BV is a widely present occurrence and probably the main cause of vaginitis among pregnant or nonpregnant women [5]. The fact is however that the majorities of women presenting BV are asymptomatic and therefore remain untreated for a long period of time [6, 7]. Laboratory and clinical studies have demonstrated that bacteria ascend toward endometrial tissue and invade placenta as well, although the full impact of this ascending infection in relation to the early fetal development is still a conundrum [8].

Since large clinical and casuistic data have correlated BV with specific complications of pregnancy, we have tried to study the role of its presence in a sample of Albanian pregnant women, whose pregnancy and labor were followed up at our facility, during the period of January 1, 2010, till of December 31 of the same year. No other previous studies of this scope have been realized, to our knowledge, in Albania.

2. Materials and Methods

The study was prospective and open label, with patients recruited till we composed a sample of 150 women. The first group of 75 women was classified as pregnant subjects diagnosed with preterm labor (between 24 and 37 weeks of gestation); the second group had the same number of probands and was composed of pregnant subjects admitted at the labor room in term (>37 weeks of gestation). Vaginal swab samples were collected from each pregnant woman during the prenatal care visits to our facility and were screened for BV. The study was performed in the Regional Hospital of Fier, a southern city of Albania. A detailed informed consent was received from all participants in the study, with data treated confidentially and anonymously. The hospital and the local health authorities, competent to the territory, were informed and approved the study.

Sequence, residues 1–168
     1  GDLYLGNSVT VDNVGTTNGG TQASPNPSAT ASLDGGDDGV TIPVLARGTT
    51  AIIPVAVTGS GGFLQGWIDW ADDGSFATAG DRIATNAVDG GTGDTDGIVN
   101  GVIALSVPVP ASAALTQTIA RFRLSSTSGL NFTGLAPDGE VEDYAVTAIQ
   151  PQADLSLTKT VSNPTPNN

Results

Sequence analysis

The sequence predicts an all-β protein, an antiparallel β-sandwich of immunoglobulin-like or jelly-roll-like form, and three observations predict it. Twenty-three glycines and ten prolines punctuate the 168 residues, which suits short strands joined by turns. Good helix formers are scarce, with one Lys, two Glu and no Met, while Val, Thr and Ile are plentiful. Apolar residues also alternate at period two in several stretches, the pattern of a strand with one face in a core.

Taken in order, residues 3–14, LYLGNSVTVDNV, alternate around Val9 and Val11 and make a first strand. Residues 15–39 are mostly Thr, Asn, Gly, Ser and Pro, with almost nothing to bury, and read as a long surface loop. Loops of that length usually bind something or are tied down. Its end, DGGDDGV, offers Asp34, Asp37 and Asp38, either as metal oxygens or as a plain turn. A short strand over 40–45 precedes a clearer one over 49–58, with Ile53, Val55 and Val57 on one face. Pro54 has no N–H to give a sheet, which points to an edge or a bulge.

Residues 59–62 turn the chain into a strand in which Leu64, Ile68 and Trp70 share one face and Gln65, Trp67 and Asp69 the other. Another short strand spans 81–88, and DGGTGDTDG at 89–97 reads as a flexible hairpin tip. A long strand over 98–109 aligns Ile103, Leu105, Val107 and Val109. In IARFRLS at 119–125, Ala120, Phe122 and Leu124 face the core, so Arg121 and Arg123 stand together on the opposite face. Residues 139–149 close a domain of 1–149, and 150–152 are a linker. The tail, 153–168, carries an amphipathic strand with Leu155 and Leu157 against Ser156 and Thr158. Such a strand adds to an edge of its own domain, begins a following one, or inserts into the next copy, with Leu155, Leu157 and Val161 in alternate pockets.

The main admission criteria were the preterm labor activity, defined as a minimum of four uterine contractions in twenty minutes or eight contractions in forty consecutive minutes, causing a cervical dilatation of more than one centimeter, and a shortening of column uteri with more than 80%, when comparing the cervical length with the value measured through sonography during the 22nd week of gestation [9, 10].

Exclusion criteria are summarized in Table 1.

Table 1: Exclusion criteria from the present study.

The control group was composed of 75 women giving birth to their child at term (more than 37 weeks of gestation).

Vaginal swabs data were retrieved from previous consultations (pregnancy follow-ups that are scheduled monthly) to our facility, and the presence of BV was evaluated.

BV was considered as present when three out of four criteria of Amsel resulted positive [7, 11]. Amsel criteria used in the present study are summarized in Table 2.

Table 2: Amsel criteria (used at the present study).

Data were statistically analyzed through SPSS 21.0, and odds ratio reports were extracted for several risk factors of bacterial vaginosis, through the model of multivariate logistic regression.